Border security debate renewed after boat intercept

The federal government is warning of an increase in people smuggling activity after an asylum seeker boat was intercepted by Malaysian authorities. 

The Greens party says the government is creating fear ahead of the federal election this year. 

Greens leader Richard Di Natale said the government’s tough stance was a sign that the Coalition’s election campaign is fully underway.

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“No question we’ve got an election coming up which will be fought on fear and division,” Senator Di Natale told reporters in Melbourne on Monday.

“They’ll do what they can to try and heighten the concerns around innocent people seeking asylum, the fact that we’re a multicultural nation with many different cultures.

“They’ll try and divide and conquer the Australian community in an effort to win the next election, that’s what they do.”

Scott Morrison earlier warned the interception of an asylum seeker boat in Malaysia shows people smugglers are already gearing up for Labor to weaken border security.

But Labor has rebuffed the prime minister’s barbs, accusing Mr Morrison of mounting a cheap scare campaign.

A tip-off from the Australian Federal Police resulted in Malaysian authorities intercepting a people-smuggling vessel before it could leave with 34 people on board 10 days ago.

The asylum seekers, including 11 women and seven children, were stopped as they were about to board a boat with the promise they would be taken to either Australia or New Zealand.

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Three members of a people-smuggling syndicate were also arrested in the January 4 operation.

Mr Morrison said the people smuggling threat was “always there and always constant”.

The prime minister accused Labor of attempting to dilute his government’s hardline national security framework dubbed Operation Sovereign Borders.

“There’s thousands of people up in Indonesia – if they get the green light from the Labor Party if they’re elected – who will want to get on boats and test that system,” Mr Morrison told the Seven Network on Monday.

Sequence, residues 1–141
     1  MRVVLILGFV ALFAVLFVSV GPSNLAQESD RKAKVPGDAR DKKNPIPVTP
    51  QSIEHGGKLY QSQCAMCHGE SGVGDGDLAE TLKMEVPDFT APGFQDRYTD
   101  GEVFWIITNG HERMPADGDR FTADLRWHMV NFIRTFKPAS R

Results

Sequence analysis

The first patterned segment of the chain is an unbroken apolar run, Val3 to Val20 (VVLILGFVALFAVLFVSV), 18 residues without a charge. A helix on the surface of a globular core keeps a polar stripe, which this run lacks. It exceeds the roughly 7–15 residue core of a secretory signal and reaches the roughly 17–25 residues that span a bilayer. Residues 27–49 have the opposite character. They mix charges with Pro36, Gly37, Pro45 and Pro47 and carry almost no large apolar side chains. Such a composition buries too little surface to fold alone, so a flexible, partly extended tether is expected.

“But under us, under our government, that system has held firm. Operation Sovereign Borders has been a great success and we won’t change any of it.”

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Opposition Leader Bill Shorten said it was “complete rubbish” to suggest Labor would abandon Operation Sovereign Borders.

“What they do when they say these lies is they are actually encouraging people smugglers to try their hand against the Australian system,” he told reporters in the Northern Territory.

“We do support strong borders and we will do everything we can to stop the people smugglers getting back into business.”

Mr Shorten said a Labor government would triple the number of AFP officers stationed overseas to deter and disrupt people smuggling operations.

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The athletes are hoping to stay in Australia.

Late last year, Labor softened its asylum seeker policies at its national conference by formally endorsing doctor-ordered medical evacuations off Manus Island and Nauru.

Labor officials also committed to increasing the community-sponsored refugee intake and to appointing a special envoy for asylum seeker issues if the party wins the next federal election.

Home Affairs Minister Peter Dutton described the policy changes as “the biggest green light in years” for people smugglers.

“We’ll be back to the worst days of Rudd and Gillard within weeks of a Shorten government being elected,” Mr Dutton told 2GB radio.

A total of 80 people-smuggling ventures have been disrupted under Operation Sovereign Borders since September 2013, data shows – 11 in Malaysia, 15 in Sri Lanka, 53 in Indonesia and one in Pakistan.